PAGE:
Army’s gradual pullout to begin in May
The army will start pulling out some troop units from the troubled far South in May as part of a long-term plan to let the non-military forces take over the responsibility for peace keeping efforts in the region.
The initial stage of the gradual withdrawal will some 1,600 troops from the 1st, 2nd and 3rd army regions based in Bangkok, Sakhon Nakhon and Phitsanuloke respectively return home. They will be replaced by the same number of police force recruited from former conscripts and currently undergoing training at the Infantry Centre.
The fresh policemen will be deployed in ten districts which have low incidence of violence. The ten districts are Betong and Kabang of Yala province, Mai Kaen and Mae Larn of Pattani, Waeng and Sukhirin of Narathiwat and Jana, Thepa, Sabayoi and Nathawee of Songkhla. Emergency decree has already been lifted in the ten districts and replaced with the Internal Security Act.
Earlier on January 8, the army handed over the task of peace keeping in Jana and Nathawee districts of Songkhla to the provincial Internal Security Operations Command headed by the Songkhla governor.
The main army fighting force still remains in the restive region is the 15th infantry division attached to the 4th army region based in Nakhon Si Thammarat. However, the paramilitary rangers will bear the brunt of peace keeping and combating the insurgents. There are currently 16,000 rangers grouped into 12 regiments operating in the region.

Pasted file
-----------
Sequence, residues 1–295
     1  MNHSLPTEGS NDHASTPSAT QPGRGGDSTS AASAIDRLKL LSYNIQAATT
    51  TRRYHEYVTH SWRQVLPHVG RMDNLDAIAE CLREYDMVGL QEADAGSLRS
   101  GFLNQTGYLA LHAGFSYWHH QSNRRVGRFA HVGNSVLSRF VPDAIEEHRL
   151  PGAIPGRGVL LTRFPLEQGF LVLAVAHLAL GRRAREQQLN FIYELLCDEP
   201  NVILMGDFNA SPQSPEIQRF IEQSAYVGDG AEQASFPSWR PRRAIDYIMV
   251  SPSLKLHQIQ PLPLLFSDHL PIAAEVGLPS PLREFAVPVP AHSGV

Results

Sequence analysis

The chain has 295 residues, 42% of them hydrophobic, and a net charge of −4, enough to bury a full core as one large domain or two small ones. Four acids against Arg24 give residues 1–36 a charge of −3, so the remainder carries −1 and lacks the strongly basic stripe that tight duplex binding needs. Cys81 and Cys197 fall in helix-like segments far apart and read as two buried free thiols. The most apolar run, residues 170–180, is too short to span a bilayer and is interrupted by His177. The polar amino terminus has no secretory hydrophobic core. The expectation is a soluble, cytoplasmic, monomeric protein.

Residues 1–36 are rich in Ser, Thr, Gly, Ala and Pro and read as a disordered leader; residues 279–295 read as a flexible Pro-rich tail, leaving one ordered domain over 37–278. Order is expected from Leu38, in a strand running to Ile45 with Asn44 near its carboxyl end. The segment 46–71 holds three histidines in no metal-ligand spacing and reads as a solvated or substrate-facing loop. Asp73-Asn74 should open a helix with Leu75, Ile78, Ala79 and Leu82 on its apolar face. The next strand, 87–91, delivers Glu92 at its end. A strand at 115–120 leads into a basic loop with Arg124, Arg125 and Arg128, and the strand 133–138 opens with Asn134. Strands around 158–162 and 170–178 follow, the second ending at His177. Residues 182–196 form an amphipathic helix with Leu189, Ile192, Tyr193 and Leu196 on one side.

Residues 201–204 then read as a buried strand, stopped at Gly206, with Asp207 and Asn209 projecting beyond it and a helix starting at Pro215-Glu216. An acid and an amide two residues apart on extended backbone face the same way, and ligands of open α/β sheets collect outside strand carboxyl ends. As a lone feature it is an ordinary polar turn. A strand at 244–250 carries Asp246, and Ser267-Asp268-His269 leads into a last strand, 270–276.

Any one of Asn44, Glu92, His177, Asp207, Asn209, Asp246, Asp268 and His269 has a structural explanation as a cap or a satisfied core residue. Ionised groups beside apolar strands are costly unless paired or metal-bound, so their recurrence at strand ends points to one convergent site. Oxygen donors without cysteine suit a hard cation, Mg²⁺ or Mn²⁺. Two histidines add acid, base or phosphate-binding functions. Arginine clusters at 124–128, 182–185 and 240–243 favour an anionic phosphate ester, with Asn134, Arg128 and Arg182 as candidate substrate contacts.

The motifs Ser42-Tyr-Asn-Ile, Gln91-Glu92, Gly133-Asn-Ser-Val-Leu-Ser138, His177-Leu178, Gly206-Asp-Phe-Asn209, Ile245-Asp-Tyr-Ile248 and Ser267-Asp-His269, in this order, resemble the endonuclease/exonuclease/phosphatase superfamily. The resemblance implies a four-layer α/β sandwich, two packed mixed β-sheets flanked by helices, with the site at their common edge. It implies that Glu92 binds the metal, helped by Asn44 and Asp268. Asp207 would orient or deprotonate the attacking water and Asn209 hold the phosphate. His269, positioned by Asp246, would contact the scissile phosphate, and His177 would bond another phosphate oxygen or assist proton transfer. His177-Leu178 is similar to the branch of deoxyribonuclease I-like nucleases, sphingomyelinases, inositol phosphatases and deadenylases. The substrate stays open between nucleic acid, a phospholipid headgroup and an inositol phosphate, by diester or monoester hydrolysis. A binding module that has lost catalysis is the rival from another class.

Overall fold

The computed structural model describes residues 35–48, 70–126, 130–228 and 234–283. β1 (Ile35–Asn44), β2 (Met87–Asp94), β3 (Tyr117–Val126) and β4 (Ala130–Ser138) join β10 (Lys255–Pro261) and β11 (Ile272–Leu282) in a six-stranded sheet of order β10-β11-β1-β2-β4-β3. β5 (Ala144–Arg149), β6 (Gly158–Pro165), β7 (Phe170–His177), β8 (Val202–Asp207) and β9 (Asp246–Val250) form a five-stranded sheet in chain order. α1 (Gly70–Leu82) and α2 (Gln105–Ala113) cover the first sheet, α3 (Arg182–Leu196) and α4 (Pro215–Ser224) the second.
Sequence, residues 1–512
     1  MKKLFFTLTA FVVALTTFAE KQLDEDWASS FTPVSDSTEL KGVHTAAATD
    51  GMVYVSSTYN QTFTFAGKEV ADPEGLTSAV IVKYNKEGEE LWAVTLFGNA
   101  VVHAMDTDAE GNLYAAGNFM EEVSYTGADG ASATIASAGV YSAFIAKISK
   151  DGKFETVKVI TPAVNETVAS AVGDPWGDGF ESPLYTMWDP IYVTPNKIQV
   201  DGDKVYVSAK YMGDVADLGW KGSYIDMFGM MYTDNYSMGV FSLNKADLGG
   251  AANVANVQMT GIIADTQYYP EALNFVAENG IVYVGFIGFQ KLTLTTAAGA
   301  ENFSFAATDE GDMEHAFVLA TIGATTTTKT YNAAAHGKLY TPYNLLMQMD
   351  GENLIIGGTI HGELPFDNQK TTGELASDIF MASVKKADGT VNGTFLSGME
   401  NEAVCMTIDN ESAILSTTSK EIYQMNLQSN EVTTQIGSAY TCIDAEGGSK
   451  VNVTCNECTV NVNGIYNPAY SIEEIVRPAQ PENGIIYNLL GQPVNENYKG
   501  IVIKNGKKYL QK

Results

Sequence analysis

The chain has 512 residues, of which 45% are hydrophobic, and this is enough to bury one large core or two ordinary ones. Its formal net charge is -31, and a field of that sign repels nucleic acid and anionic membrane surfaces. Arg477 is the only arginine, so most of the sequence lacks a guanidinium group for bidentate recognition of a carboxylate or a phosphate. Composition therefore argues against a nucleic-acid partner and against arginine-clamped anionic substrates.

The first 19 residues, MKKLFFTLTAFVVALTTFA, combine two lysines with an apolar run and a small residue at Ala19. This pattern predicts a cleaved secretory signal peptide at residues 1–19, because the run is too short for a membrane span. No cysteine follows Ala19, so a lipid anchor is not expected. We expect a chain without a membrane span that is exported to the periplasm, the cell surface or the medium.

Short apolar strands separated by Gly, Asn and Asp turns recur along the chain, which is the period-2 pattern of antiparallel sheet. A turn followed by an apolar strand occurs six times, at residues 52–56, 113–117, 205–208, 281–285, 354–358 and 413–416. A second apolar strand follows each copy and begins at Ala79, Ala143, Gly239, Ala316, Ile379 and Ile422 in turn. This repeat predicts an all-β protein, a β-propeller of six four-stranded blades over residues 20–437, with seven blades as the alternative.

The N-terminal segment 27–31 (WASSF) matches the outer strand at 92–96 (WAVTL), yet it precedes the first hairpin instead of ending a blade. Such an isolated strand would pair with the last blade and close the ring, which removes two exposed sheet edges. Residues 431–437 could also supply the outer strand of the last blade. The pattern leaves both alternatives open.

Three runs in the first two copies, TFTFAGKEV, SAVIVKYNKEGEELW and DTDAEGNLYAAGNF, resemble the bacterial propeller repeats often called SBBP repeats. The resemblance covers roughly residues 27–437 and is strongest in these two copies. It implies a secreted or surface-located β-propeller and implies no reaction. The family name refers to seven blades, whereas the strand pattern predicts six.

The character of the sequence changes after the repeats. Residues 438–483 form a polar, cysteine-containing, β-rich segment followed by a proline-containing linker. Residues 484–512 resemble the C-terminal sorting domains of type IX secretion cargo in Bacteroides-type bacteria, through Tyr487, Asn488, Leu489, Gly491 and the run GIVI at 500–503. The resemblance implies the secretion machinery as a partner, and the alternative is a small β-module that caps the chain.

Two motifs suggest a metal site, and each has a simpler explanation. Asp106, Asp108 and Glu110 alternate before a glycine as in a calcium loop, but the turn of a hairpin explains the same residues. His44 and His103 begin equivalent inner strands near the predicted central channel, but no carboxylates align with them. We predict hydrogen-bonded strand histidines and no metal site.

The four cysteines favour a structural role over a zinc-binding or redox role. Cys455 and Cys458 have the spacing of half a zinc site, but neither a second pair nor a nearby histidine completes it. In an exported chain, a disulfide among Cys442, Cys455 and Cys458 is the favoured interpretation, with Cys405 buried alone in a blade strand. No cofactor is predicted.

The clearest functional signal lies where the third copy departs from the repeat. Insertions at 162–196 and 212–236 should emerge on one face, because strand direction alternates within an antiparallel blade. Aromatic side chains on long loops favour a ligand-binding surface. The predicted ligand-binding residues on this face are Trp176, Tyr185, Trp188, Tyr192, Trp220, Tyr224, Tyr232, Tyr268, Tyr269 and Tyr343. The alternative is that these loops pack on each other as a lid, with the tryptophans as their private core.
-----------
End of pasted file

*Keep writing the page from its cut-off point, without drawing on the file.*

A military report which was recently presented at a closed-door meeting of security officers at Sirindhorn camp in Pattani concluded that out of some 1,900 villages in 37 districts of the four provinces of Yala, Pattani, Narathiwat and Songkhla, there are 324 villages listed as “Red” where insurgents are still active.
The forward command of the ISOC has targeted to liberate some 118 "Red" villages into "Yellow" or "Green" villages within this fiscal year. It was reliably reported that Defence Minister Sukhumphol Suwannathat had instructed army officers in the region to refrain from using the wordings, three southernmost provinces, when talking to the Press because they could send a wrong message that the situation was bad in the entire provinces while, in reality, only 324 villages in ten districts are listed as risky due to activities of the insurgents.